Sit-a-Long with Jundo — Fallacies of Awakening, Part IV: Is it sudden or gradual?

Is enlightenment “sudden” or “gradual”? It’s a centuries-old debate in the Zen world (and in other realms of Buddhist practice, too). Zen’s answer has always been “yes” and “yes” –  for while the realization of insights may be in instants beyond time, the cultivation and realization (that is, making real) is done via practice instant by instant in life.

Kensho (seeing original nature) is necessary and vital to this path. Can such happen in an flash? Yes, but it usually ends up a flash in the pan – unless cultivated slowly, step by step, and made a part of one’s life. Must enlightenment happen in an flash? No, for the Buddha’s Truths can pierce our marrowless marrow slowly, step by step, with steady years of practice. In either case, arriving at “no beginning no end“, or any other destination, is not the end of the trail, nor the beginning. [Click through for more, and to "sit-a-long" with today's video.]

Today’s Sit-A-Long video follows. Remember: recording ends soon after the beginning bells; a sitting time of 20 to 35 minutes is recommended.

(Here is the interview with Joko Beck mentioned today.)

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9 Comments

  1. Don
    Posted September 5, 2010 at 3:10 am | Permalink

    Nothing to add. Nothing to take away.
    Just "thank you" and Gassho.

  2. Jikyo
    Posted September 5, 2010 at 1:57 pm | Permalink

    Thanks, Jundo.

    Gassho, Jikyo

  3. Luis/Jinyu
    Posted September 6, 2010 at 6:14 am | Permalink

    Thank you for the inspiring talk Jundo sama! And for the link to the interview too!

    gassho, Jinyu

  4. Posted September 6, 2010 at 7:26 am | Permalink

    Here is a perspective from some very old Buddhist scripture on the varied approaches to understanding the Dharma….
    The Buddha's use of upaya-kosalla is illustrated in the Upali Sutta:
    "Then the Blessed One gave the householder Upali the gradual Teaching starting with giving gifts, becoming virtuous, about the heavenly states, the dangers of sensuality, the vileness of defiling things, and benefits of giving up. Then the Blessed One knew that the mind of the householder Upali was ready, malleable, free of hindrances, lofty and pleased and the Blessed One gave the special message of the Enlightened Ones: Unpleasantness, its arising, its cessation and the path to the cessation of unpleasantness. Like a pure, clean cloth would take a dye evenly. In that same manner, the dustless, stainless eye of the Teaching arose to the householder Upali, seated there itself. Whatever rises has the nature of ceasing. The householder Upali, then and there mastered that Teaching, knew and penetrated it. Doubts dispelled become self confident attained that state where he did not want a teacher, any more, in the Dispensation of the Blessed One. He said.‘Venerable sir, we will go now, there is much work to be done.’‘Householder, do as you think it fit.’"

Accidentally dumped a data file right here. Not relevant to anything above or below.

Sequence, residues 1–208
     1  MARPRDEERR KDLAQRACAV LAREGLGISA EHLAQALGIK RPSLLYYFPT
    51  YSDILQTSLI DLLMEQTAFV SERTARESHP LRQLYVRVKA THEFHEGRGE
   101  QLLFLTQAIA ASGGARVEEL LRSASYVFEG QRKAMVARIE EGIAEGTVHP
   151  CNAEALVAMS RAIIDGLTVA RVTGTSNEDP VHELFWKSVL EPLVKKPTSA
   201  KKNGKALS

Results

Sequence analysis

Chana

  5. Monkton
    Posted September 6, 2010 at 7:34 am | Permalink

    Kensho? lovely. Everyday practice? Lovely. Thanks for the talk,
    Monkton

  6. Dosho
    Posted September 6, 2010 at 4:14 pm | Permalink

    Michelangelo often said that his "creations" were already there beneath the stone, leaving him only the task of removing all the unwanted bits…perhaps it is something like that.

    Thank you Jundo.

  7. Jigen
    Posted September 10, 2010 at 9:23 pm | Permalink

    It's about the process, not the outcome

  8. Shogen
    Posted September 18, 2010 at 10:48 am | Permalink

    After 40 years of wobbling across the path comes instant enlightment. Jundo, your teaching has ripened. Is enlightenment suden or gradual? Yes!

  9. Jennifer G P
    Posted November 4, 2010 at 4:21 pm | Permalink

    Here's another great (text) interview with Joko Beck: http://www.oxherding.com/my_weblog/2009/03/charlo

    I'm very fond of her reaction to her students' enlightenment experiences: “Yeah, that’s O.K. Don’t hold onto it. And how are you getting along with your mother?”

    Great video. Gassho.

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